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Posted February 25, 2014 | comments Leave a comment

After losing federal grant, House of Hope works to raise funds

By Katie Demeria

House of Hope in Front Royal is working hard to continue providing services to men in need -- even though the homeless shelter learned this year that it has lost a significant portion of federal grant money.

The shelter, which provides resources to men who are down on their luck, had been receiving a $17,000 grant from the Department of Housing and Urban Development for the past two years. But that funding is not available this year, according to President Sigrid Hepp-Dax.

"Because of that grant we were able to hire a part-time case manager and a part-time outreach person," Hepp-Dax said. "And we were of course, as always, hoping that we could renew it again. But, under the present philosophy of the federal money, they will only fund housing, not shelters."

The case manager and outreach employee are both responsible for helping the men use House of Hope's resources, Hepp-Dax said.

"When you're at that point it can be very depressing, and you need the human contact and encouragement to keep going and not let that defeat you," Hepp-Dax said.

Without their services, many would not know how to go about getting jobs or improving their situations.

"Case management is really the cornerstone to helping people get back on their feet," Hepp-Dax said. "They work one-on-one with men who come into the shelter."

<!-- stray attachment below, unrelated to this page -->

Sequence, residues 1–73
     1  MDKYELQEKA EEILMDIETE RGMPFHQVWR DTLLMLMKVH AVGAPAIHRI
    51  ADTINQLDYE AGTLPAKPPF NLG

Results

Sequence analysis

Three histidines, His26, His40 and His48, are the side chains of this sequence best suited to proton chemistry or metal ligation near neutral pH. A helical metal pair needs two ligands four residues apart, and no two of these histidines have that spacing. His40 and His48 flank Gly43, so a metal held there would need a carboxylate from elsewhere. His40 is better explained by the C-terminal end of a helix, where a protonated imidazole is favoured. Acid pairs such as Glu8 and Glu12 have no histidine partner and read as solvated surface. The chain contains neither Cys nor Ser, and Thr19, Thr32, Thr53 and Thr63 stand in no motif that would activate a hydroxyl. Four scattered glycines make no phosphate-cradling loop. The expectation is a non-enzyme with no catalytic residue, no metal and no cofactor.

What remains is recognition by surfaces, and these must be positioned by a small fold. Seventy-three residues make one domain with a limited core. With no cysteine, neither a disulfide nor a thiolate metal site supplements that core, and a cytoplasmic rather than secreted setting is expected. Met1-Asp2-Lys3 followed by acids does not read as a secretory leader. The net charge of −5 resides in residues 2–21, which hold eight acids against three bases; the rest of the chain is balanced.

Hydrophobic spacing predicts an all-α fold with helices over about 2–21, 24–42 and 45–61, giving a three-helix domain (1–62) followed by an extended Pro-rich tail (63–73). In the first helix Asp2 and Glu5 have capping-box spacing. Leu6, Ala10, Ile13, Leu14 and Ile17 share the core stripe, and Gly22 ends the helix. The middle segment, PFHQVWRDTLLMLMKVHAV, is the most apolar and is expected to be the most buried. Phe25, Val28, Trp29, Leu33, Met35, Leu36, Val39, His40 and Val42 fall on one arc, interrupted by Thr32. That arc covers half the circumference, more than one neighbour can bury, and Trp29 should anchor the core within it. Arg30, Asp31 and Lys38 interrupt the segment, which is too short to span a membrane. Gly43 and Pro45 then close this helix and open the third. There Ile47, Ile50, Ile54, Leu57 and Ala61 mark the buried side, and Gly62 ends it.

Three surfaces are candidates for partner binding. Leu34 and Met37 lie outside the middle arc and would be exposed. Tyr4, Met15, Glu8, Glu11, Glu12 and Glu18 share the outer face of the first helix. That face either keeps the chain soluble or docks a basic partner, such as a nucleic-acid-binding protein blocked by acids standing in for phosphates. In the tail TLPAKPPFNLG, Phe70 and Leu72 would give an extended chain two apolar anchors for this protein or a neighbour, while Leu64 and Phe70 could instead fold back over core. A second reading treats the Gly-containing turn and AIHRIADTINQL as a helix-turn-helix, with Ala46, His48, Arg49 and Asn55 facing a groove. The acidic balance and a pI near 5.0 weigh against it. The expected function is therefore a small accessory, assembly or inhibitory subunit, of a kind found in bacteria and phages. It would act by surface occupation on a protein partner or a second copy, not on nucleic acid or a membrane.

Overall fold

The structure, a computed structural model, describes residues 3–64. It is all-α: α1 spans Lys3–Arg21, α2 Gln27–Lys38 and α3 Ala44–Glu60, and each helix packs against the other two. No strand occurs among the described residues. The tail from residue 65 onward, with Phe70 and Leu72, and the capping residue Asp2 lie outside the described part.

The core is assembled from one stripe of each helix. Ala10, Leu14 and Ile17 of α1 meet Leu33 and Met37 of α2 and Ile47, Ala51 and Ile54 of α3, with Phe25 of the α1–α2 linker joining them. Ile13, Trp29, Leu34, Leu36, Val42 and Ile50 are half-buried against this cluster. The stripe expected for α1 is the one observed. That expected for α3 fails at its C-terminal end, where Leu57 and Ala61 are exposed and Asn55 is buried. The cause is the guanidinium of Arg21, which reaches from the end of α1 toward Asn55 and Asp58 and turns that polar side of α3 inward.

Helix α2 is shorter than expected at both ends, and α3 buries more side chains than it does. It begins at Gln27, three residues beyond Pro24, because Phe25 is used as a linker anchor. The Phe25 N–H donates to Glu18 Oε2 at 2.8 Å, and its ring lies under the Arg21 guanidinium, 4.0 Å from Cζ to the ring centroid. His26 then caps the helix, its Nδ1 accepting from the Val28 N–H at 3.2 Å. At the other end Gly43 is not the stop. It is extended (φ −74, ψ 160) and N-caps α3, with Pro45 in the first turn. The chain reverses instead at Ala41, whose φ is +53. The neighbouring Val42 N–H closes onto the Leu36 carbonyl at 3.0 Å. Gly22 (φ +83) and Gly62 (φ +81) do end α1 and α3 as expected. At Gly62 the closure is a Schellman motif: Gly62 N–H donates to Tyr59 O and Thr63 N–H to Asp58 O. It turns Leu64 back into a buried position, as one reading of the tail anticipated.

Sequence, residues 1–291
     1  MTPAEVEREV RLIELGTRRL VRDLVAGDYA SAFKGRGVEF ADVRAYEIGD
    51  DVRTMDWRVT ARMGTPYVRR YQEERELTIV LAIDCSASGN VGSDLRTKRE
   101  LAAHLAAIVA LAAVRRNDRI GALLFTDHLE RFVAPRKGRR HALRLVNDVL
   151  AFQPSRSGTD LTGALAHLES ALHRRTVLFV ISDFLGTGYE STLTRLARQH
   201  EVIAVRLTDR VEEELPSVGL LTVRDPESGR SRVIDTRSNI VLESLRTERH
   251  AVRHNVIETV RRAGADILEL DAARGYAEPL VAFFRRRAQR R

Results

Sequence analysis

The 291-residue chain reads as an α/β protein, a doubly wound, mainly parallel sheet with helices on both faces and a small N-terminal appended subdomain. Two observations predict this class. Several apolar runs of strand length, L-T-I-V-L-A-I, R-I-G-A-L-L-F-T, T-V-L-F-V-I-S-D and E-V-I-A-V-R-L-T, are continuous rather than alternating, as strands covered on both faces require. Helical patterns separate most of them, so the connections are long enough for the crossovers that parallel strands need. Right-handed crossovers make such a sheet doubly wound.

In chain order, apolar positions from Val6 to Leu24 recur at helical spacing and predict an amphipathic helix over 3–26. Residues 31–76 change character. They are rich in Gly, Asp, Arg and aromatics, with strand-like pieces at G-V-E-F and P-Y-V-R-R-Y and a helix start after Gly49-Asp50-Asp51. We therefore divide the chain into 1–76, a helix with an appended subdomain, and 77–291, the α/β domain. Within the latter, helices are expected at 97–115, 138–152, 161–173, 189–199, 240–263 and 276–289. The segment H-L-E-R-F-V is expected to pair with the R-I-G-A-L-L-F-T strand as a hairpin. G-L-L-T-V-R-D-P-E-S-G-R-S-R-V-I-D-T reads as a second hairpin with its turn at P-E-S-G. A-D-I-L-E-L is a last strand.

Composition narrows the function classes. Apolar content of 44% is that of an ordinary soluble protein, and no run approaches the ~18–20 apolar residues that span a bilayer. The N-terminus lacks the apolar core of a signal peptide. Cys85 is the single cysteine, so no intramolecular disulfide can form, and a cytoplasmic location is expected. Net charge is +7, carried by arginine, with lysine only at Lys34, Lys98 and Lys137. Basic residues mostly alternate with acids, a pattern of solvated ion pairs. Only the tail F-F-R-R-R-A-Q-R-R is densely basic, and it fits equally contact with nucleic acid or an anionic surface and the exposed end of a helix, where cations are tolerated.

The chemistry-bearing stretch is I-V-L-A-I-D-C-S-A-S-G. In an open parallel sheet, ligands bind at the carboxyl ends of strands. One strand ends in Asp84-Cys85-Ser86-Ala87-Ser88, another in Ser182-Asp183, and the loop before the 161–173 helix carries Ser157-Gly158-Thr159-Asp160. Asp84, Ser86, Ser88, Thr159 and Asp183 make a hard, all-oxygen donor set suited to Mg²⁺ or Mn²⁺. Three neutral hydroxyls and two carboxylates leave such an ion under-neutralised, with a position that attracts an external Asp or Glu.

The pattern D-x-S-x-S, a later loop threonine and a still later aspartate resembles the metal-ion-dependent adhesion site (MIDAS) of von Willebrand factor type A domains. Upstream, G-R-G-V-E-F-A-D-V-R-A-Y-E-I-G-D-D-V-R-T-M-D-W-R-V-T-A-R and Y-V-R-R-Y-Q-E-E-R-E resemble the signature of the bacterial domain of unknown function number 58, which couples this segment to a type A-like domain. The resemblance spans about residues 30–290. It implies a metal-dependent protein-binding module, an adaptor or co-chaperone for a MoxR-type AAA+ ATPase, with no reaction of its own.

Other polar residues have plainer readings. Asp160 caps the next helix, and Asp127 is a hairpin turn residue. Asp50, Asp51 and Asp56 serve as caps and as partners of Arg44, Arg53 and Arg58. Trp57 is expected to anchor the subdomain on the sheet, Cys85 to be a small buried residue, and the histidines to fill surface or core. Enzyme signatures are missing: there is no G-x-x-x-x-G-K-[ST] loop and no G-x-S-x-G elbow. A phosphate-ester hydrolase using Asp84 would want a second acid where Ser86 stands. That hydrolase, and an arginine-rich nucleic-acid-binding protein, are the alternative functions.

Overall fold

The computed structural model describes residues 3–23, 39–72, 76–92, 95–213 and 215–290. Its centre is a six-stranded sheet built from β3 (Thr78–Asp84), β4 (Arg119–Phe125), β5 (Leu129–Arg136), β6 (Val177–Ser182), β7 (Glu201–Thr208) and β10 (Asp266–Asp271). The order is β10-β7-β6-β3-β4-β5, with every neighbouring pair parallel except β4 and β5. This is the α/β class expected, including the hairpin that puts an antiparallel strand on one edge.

Once the men pass the drug and alcohol test and are permitted to use House of Hope's services, they meet with a case manager who works with them to better their circumstances. The men then meet with staff once a month until House of Hope's assistance is no longer needed.

The outreach employee is responsible for providing the men with the motivation they need to rise above the stress of their situations.

"She manages a series of workshops that they do at the shelter for the men to help improve their skills," Hepp-Dax said. "They encourage the men to realize that nothing is forever. Homelessness is temporary."

Hepp-Dax said Harmony Place, the women's shelter in Warren County, was forced to close its doors last year after it lost similar grants. She said House of Hope aims to prevent that from happening through fundraisers.

Since June 2013, the organization has been planning its annual Empty Bowl Supper, and now that it won't receive the $17,000 grant this year, its success is more important than ever.

"This is our fifth or sixth year, we've done it on the small scale," Hepp-Dax said. "And for the first time this year we actually have a fundraising committee to put it together."

"It's a really beautiful concept," she continued. "The soup line is usually how the homeless are fed at dinners, and we're recreating that idea in a way that is fun."

The event will take place on March 28. Local potters from the Shenandoah Pottery Guild will provide soup bowls.

"And as part of the ticket for the event, you get to choose a bowl and take it home with you," Hepp-Dax said.

Three Front Royal chefs, of Soul Mountain Café, Flint Hil, and the Griffin Tavern restaurants, will make the soups, and the Warren County High School jazz band will provide the entertainment.

"Anybody that wants to help us can come to our Empty Bowl Supper or send us a donation, and we are very, very grateful for everything," Hepp-Dax said. "Every dollar counts."

Tickets for the Empty Bowl Supper must be reserved by March 14. Adult tickets are $25, while students are $15 and children are $5. Those interested in signing up can go to www.warrencountyhomeless.org and download the flyer.

Contact staff writer Katie Demeria at 540-465-5137 ext. 155, or kdemeria@nvdaily.com


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